“In some cases, hospitals are already doing this,” Carroll said. “But some aren’t. This bill gives a baseline expectation, to give basic tools and knowledge to provide the care.”
The legislation was first introduced three years ago — but as legislative sessions have come and gone, the bill has yet to make it fully though the process to become a reality.
Carroll’s biggest opposition?
The state’s hospitals.
“We feel confident that hospitals are dedicated to and doing a good job providing both patients and caregivers with discharge support,” said Scott McIntyre, the spokesman for the Iowa Hospital Association, which represents Iowa’s 118 hospitals. “It’s an incredibly important aspect in inpatient and outpatient care. Hospitals and staff take it very seriously.”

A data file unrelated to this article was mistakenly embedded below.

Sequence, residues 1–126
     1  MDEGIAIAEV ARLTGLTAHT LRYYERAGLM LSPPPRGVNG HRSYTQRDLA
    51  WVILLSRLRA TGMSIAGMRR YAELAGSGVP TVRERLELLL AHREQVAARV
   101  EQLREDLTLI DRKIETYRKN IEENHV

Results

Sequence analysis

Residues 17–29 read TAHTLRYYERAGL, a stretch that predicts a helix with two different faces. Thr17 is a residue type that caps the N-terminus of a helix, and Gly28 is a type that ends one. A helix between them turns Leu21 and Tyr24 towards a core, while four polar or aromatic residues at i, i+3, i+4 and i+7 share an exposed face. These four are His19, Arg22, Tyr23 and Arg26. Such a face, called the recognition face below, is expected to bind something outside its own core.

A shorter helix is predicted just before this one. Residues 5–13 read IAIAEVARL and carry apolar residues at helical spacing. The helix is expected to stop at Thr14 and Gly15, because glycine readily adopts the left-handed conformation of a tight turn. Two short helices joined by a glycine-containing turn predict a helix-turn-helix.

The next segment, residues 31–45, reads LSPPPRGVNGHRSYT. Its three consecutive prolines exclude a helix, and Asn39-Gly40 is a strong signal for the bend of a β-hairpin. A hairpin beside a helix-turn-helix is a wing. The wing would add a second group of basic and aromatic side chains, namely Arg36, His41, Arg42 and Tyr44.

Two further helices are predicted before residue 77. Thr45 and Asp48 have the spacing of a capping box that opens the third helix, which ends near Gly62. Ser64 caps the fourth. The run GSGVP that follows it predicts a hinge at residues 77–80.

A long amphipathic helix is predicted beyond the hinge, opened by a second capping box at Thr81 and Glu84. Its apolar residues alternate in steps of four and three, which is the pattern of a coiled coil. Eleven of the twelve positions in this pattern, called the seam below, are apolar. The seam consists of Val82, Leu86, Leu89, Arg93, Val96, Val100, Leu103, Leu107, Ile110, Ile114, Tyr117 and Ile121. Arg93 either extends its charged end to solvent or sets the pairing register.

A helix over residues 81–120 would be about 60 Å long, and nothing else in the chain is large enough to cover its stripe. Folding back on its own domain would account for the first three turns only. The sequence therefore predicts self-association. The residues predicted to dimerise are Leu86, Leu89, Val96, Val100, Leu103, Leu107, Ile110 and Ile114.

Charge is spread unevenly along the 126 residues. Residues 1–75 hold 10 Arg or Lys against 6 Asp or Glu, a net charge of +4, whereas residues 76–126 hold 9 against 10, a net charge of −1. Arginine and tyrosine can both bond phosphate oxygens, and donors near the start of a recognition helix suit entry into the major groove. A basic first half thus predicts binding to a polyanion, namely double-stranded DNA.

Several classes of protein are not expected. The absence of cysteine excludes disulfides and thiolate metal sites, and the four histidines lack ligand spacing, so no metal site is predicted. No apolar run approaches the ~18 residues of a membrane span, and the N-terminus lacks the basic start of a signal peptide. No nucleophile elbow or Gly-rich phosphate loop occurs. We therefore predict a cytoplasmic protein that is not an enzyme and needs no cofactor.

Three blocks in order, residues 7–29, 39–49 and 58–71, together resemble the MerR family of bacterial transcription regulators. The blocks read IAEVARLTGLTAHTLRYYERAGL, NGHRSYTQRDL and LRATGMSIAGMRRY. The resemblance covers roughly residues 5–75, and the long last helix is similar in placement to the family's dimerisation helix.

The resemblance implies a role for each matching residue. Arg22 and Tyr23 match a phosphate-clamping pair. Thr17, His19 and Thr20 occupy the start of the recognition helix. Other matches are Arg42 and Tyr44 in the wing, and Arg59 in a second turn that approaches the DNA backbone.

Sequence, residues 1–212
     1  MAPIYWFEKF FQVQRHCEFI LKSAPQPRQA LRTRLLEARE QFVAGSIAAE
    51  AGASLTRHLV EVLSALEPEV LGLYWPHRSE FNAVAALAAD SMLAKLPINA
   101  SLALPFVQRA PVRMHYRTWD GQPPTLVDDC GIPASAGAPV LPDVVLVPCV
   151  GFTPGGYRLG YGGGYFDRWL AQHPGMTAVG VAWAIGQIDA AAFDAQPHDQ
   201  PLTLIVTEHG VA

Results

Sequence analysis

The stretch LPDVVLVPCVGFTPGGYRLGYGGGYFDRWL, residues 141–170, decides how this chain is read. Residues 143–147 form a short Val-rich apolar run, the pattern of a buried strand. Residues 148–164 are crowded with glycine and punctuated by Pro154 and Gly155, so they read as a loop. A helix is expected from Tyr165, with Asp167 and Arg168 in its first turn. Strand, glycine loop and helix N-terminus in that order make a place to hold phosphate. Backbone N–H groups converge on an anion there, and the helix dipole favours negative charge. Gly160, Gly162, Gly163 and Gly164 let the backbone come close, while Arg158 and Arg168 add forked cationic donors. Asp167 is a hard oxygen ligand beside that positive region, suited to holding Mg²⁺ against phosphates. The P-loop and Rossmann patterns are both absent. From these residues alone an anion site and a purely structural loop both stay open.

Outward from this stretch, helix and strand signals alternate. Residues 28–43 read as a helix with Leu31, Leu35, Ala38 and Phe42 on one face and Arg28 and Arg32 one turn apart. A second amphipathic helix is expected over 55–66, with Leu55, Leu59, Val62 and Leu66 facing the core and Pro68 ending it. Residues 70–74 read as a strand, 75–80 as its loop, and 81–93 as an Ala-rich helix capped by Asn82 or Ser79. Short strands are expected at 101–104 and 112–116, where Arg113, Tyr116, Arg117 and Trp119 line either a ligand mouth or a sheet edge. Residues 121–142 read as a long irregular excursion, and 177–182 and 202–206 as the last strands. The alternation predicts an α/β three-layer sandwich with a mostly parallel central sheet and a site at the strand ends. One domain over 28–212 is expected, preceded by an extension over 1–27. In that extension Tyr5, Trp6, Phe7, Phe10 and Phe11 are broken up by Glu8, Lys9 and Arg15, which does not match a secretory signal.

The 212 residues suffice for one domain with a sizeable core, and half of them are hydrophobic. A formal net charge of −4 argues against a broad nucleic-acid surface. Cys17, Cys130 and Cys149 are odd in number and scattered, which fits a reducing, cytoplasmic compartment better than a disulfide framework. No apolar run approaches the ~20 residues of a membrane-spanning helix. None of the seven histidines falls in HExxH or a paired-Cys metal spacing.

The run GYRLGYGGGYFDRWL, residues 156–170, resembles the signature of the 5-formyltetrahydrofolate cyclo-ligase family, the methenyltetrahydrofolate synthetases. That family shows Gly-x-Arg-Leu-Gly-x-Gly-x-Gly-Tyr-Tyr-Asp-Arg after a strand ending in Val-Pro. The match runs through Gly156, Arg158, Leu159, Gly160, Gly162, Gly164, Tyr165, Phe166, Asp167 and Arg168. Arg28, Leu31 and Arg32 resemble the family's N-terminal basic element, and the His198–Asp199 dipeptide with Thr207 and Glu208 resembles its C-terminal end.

McIntyre agreed that it is inefficient and expensive to send someone home only to have that person turn back up in the hospital — especially in the emergency department. That’s why hospitals are working to provide better discharge plans and reduce readmissions — a number he said that has fallen over the years.
“Our Legislature has a history of not being too prescriptive with health care and how practitioners should do their jobs,” McIntyre said. “This legislation hasn’t moved forward because legislators recognize that it’s a slippery slope to begin dictating to health care professionals how to do their job.”